6 troublesome word pairs
Differing by a mere space, or by letter or two, these verbal cousins can confound listeners and perplex proofreaders.
It never fails. After you send out an email newsletter, you inevitably catch a typo or someone makes you aware of one.
“You used the wrong word,” your boss says. It’s frustrating, but it’s Murphy’s Law. If your marketing and PR efforts haven’t been plagued by it yet, they will be.
Some word pairs that often foil the best of marketers:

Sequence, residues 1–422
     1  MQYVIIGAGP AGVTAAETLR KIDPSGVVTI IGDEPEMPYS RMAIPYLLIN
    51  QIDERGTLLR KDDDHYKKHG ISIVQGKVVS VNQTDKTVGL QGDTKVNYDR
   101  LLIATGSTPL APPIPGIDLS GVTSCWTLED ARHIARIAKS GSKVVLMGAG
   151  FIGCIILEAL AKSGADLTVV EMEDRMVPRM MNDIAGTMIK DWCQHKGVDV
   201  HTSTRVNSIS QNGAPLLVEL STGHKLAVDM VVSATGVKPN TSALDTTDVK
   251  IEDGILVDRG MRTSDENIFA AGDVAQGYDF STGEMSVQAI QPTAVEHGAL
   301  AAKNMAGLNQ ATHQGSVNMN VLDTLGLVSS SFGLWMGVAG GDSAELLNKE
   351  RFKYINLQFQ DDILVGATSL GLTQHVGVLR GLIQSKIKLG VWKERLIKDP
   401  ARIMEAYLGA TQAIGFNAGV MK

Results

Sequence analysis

1. Affect and effect.
Affect typically is a verb; effect usually is a noun. To keep them straight, think of copy written for Zantax or some other drug. The effects of it are nausea, insomnia, irritability, et cetera, et cetera.
A person who takes a drug like Benadryl for seasonal allergies is affected by it; he or she can hardly stay awake during the day and dozes off during the afternoon meeting.
2. Complementary and complimentary.
Complementary means to “add to, complete, or reinforce” something else. Transmedia storytelling and cross-channel marketing use complementary content to create the full experience.
Complimentary is in relation to flattery or something given away for free as in the case of the drinks and hors d’oeuvres to be served at your invitation-only event.
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